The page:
If women with complicated deliveries, seriously ill patients, and people with appendicitis and trauma injuries can't get to hospital, you can imagine the consequences. There is a large population suffering, surely with fatal consequences. Adigrat hospital serves an area with more than one million people, and the hospital in Axum serves an area with more than three million people. If these hospitals don't function properly and can't be accessed, then people die at home.
When the health system is broken, vaccinations, disease detection, and nutritional programs don't function either. There have been no vaccinations in almost three months, so we fear there will be epidemics soon.
In recent weeks, our mobile medical teams have started visiting areas outside the main cities, and we are reopening some health centers. We believe our presence brings a certain feeling of protection. We have seen some health staff returning to work. Only five people attended the first meeting we organized in Adwa hospital, but the second was attended by 15, and more than 40 people came to the third. Beyond medical activities, you feel that you offer people some hope: the feeling that things can improve after two months without good news.
People fleeing violence, living in fear
In eastern and central Tigray, we did not see large settlements of displaced people. Instead, most have taken refuge with relatives and friends, so many homes now have 20 or 25 people living together. The impact of the violence is visible in the buildings and in the cars with bullet holes.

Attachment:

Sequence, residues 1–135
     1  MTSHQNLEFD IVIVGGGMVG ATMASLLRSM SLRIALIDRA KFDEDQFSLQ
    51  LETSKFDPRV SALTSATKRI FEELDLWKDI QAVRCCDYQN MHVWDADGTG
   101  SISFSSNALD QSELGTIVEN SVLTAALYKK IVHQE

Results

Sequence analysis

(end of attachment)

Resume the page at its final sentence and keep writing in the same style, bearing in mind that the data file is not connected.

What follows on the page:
Especially at the beginning, we saw a population locked in their homes and living in great fear. Everyone gave us pieces of paper with phone numbers written on them and asked us to convey messages to their families. People don't even know if their relatives and loved ones are okay, because in many places there are still no telephones or telecommunications.
When we arrived in Adigrat, we saw lines of 500 people next to a water truck waiting to get 20 liters of water per family at most. The telephone line was restored in Adigrat just a few days ago. The situation is improving little by little, but as we moved westward to new places we found the same scenario: fewer services, less transport.
We are very concerned about what may be happening in rural areas. We still haven't been able to go to many places, either because of insecurity or because it is hard to obtain authorization. But we know, because community elders and traditional authorities have told us, that the situation in these places is very bad.
Large areas of Tigray have very mountainous terrain, with winding roads that climb from 2,000 meters above sea level to 3,000 meters. Cities like Adwa and Axum are built on the fertile highlands, but a large part of the population lives in the mountains. We have heard that there are people who have fled to these more remote areas because of the violence.
Logistical challenges, late response
The efforts of our teams have been enormous at all levels—medical, financial, logistical, and human resources. It's an incredible challenge without telephone or internet. At first there were no flights to Mekele and we had to move everything nearly 1,000 kilometers by road from the Ethiopian capital, Addis Ababa. You couldn't make money transfers because the banks were all closed. Yet we managed to start our operations.
Now other aid organizations are beginning to appear, little by little, in some areas. We still don't know the real impact of this crisis, but we have to keep working to find out as soon as possible.
Other MSF teams are currently delivering medical care in different areas of central, south, and northwestern Tigray. MSF teams are also responding to the health needs of displaced people at the border of the Amhara region and in Sudan.